In a George Washington University auditorium on Monday night, seven candidates vying to take the helm of the Democratic party convened to talk about one major topic: race. Trying to cajole the party into making them what the moderator described as the "most visible national Democrat in the country", the candidates managed to never disagree as they laid scorn on their party's record in the last election and how they would take things forward.
Aimee Allison, a co-director of Democracy in Color, hosting the event, said early on in the night that "Democrats lost because they did not know how to talk about race" – a sentiment that all the candidates shared. A focus on TV ads and a lack of ground contingent, knocking on doors and engaging with communities had handed Donald Trump the White House, they all agreed.
"Black. Period. Lives. Period. Matter. Period. " said Jehmu Greene, a former Fox News analyst making up for a lack of experience in office by speaking effusively and directly to the audience. Greene stood out of her chair when she spoke and others seemed to follow.
Minnesota representative, Keith Ellison may seem the front runner but there were very few ways he stood out from his rivals — Mayor of South Bend, Indiana, Pete Buttigieg; New Hampshire Democratic Chairman, Raymond Buckley; South Carolina Democrat Party chair, Jaime Harrison; former secretary of Labor, Tom Perez; Executive Director of the Idaho Democratic Party, Sally Boynton Brown; and Greene.
When asked about the Black Lives Matter movement, all seven gave praising answers — only differing on their own personal additions. Buckley, a white man, talked about his African American niece's fear after hearing the results of the last presidential election, "there's not an issue that makes me more angry," he said.
Harrison spoke of being black in the South, saying he got "goosebumps" when he saw police lights behind him and that still people dismissed that experience: "if I am chair, we know black lives will matter." he said.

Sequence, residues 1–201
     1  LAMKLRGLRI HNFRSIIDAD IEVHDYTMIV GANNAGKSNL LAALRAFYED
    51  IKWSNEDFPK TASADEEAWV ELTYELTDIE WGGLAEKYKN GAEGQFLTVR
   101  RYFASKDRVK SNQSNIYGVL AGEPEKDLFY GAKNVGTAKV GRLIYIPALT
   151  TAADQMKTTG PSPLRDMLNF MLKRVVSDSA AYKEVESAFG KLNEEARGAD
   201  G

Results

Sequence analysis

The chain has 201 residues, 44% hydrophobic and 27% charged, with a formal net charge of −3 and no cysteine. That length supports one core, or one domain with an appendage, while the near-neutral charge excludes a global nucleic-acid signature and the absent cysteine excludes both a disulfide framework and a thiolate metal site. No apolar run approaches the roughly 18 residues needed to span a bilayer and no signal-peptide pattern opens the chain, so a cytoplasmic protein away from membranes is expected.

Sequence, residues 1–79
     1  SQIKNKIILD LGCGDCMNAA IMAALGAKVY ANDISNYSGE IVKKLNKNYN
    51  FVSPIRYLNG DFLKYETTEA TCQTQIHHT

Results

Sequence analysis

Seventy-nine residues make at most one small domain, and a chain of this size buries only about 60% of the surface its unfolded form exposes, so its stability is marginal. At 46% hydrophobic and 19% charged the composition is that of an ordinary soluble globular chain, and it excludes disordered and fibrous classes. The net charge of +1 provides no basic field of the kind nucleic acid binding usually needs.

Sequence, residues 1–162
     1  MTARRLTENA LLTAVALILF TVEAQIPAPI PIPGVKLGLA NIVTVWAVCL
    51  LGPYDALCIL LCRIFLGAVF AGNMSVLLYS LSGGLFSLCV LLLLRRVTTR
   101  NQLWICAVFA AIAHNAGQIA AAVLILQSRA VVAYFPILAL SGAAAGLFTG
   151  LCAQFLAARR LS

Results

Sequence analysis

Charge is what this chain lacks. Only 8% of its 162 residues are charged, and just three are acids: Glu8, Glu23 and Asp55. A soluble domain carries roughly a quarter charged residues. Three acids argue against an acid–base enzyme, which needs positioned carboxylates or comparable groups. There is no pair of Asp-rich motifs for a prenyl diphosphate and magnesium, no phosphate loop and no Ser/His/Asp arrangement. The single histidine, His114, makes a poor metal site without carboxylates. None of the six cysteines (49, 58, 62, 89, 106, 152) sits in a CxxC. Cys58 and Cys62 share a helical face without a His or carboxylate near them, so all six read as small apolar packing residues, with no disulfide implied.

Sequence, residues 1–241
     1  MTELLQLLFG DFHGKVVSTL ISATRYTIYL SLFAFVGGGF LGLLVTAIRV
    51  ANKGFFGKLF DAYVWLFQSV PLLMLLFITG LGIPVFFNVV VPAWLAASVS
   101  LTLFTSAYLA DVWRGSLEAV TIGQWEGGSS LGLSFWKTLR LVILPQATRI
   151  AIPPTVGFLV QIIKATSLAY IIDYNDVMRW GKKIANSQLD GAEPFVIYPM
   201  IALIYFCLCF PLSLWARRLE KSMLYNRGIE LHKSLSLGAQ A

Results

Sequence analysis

"White leaders in our party have failed"
Greene talked of her time at Fox News, how she took the debate to Conservatives and was able to "win with the truth." Brown took into account her own place as a white woman when answering: "White leaders in our party have failed, we have to accept that there is prejudice that exists in our own party ... I'm a white woman, I don't get it ... my job is to listen and be a voice."
Scorn was poured, naturally, on the new president and the administration that he is slowly having confirmed through the Senate. Chairing the forum, Joy-Ann Reid asked the candidates whether the party should ever support Trump's policies; Perez spoke up, saying the party should "accord Donald Trump the same courtesy Mitch McConnell accorded Obama" - the other candidates agreed.
An anti-Washington sentiment also became evident as the seven talked about what needed to be done to reverse the last election result. Money should have been given directly to the states, some said; Ellison said he would fight the "consultantocracy" that had become prevalent in the party's campaigns.
"It sure does help when you know that Washington cares," Buttigieg said."Right now, I'm afraid we can't count on Washington caring one bit."
The forum was part of a number of supposed debates that the candidates are taking part in before 447 DNC members vote for their new chairman in Atlanta in February. Whether there will be much in the running is yet to be seen as candidates seemed, on Monday night, reluctant to challenge each other.
When IBTimes UK asked Buckley whether he felt he had managed to show himself to be at all different during the debate, he replied: "This is our eighth forum and the other candidates have gotten very well at repeating my platform — I appreciate them talk about the things I've been saying for three months."
Buckley went on to say he was "about action" not talk, though in a diverse crowd of candidates, each with differing but not unsubstantial experience — which of them is the best for the job seems to be the only thing they disagree on.